Acadia Fumes Over FDA Rejection of its Psychosis Drug Nuplazid

After getting approval for its Parkinson’s psychosis drug, Nuplazid, in 2016, Acadia Pharmaceuticals had been trying to stoke further growth by getting its drug approved for dementia-related psychosis (DRP), a condition that affects millions of people.

Last year, the company filed a new drug application for Nuplazid for treating DRP, with a decision date set for April 3rd. However, a month before the final decision, the company received a rejection letter from the FDA because of “identified deficiencies that preclude discussion of labeling and post-marketing requirements/commitments at this time.” The company’s share price cut almost in half after the news.

On April 5th, the company announced that it has received a complete response letter (CRL) from the FDA according to which the regulatory agency will not approve the drug application in its current form. According to the Division of Psychiatry, FDA, the study data presented in the application lacked “statistical significance in some of the subgroups of dementia, and had insufficient numbers of patients in the study with certain less common dementia subtypes.” The company’s shares plunged further 16% after the news. 

 

Acadia’s Disappointment 

Acadia’s executive team is extremely disappointed with the decision as the issues raised in the CRL were discussed with the division before and the study presented in the application was done in total agreement with the Division of Psychiatry. According to the company, they went forward with this study in which they analyzed the drug’s efficacy in “broad DRP population as a single group” when division agreed that statistical separation by dementia subgroups and certain minimum numbers of patients with specific subtypes was not needed.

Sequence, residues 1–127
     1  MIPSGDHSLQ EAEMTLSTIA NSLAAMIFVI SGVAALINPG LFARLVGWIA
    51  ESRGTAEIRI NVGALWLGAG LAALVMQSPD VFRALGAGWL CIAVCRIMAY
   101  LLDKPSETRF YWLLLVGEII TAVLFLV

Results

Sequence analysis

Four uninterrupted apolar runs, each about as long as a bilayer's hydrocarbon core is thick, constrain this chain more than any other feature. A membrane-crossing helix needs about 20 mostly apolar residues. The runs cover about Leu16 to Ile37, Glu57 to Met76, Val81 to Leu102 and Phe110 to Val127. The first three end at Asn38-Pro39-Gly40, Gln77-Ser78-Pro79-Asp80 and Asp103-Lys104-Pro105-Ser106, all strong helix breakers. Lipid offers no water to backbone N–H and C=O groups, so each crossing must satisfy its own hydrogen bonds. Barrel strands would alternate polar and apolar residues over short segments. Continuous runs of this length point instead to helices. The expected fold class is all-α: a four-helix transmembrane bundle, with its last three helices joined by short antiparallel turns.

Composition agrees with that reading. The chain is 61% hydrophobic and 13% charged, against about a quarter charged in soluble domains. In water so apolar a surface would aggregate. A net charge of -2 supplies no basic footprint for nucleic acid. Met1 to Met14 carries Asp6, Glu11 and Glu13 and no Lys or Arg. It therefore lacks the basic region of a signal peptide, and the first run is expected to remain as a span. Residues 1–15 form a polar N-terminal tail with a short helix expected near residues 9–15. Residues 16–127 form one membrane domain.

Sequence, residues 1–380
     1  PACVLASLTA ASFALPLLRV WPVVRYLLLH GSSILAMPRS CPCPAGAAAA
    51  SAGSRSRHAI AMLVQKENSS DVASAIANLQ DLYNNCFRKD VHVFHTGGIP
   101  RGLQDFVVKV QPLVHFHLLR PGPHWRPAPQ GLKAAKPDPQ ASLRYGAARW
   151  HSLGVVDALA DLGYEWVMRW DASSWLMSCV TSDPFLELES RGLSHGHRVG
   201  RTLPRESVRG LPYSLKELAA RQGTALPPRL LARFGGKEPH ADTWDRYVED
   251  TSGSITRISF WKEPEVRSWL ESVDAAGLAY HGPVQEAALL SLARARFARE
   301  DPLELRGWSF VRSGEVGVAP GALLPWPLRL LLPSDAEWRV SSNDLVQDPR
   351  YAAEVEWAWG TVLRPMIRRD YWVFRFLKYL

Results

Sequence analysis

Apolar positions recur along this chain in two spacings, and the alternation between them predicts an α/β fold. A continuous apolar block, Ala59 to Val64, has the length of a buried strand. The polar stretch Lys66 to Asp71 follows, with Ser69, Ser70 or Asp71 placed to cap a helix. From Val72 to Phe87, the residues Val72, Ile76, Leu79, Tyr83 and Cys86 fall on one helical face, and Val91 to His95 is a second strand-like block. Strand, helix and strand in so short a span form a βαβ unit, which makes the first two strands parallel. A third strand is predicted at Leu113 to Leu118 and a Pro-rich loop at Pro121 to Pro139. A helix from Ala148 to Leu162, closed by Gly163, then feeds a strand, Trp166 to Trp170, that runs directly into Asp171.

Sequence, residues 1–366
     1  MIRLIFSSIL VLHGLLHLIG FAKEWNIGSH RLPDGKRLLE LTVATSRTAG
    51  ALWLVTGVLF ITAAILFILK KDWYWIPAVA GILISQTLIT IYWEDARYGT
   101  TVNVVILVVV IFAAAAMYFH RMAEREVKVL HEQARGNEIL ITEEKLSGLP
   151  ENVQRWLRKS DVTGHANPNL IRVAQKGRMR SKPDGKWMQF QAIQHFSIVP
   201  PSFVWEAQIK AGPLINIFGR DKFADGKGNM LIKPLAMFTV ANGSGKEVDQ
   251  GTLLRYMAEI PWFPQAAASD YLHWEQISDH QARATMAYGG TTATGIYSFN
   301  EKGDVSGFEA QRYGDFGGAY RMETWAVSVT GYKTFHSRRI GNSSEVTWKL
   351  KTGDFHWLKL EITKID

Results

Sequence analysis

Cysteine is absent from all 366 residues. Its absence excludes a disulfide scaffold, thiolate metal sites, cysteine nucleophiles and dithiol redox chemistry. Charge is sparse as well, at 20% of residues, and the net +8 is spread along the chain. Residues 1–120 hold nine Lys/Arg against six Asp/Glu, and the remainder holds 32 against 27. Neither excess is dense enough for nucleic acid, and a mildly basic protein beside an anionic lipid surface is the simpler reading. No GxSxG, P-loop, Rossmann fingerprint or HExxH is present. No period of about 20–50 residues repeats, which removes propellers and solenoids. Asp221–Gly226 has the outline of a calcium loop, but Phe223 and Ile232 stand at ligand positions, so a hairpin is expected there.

In fact, analyzing the DRP population as one single group is the best way to study this population, noted Steve Davis, CEO, Acadia. In the conference call early this morning, Steve explained the reason behind that. “The correct way to study this population is to analyze the DRP patients as a single group due to the fact that while dementia’s may have differing underlying etiologies, the psychosis is very similar between the subtypes. Besides, diagnosis of subtypes is frequently wrong, and many patients have mixed etiology, in other words, they don’t fall cleanly into a single subtype.”

He also points, “Over the past four years, we have had a clear agreement on analyzing the broad DRP population as a single group. The CRL is the first time we learned about the division’s apparent shift in position to demonstrate statistical significance by subtype.”

It was even more frustrating for Acadia today as the company regularly followed with the regulatory agency about any concerns in the application. Acadia mentions that the division did not raise any concerns about the design throughout the entire period of the review.

Despite FDA’s decision, Acadia “stands behind its study” that gave a strong indication that the drug was effective at reducing the risk of relapse of Psychosis than placebo. According to Steve Davis, CEO, Acadia, “We will immediately request a Type A meeting to work with the FDA to address the CRL and determine an expeditious path forward for the approval of Nuplazid in DRP.”

Acadia reported that their drug significantly reduced the risk of relapse of psychosis by almost 3 fold as measured in a 26-week double-blind study. In a 12-week open-label study, the drug also showed a meaningful reduction of the symptoms and stabilization of psychosis across all dementia subtypes evaluated. It was found well tolerated in elderly patients with dementia-related psychosis over a 9-month study and the patients did not have any worsening of cognition or motor function.

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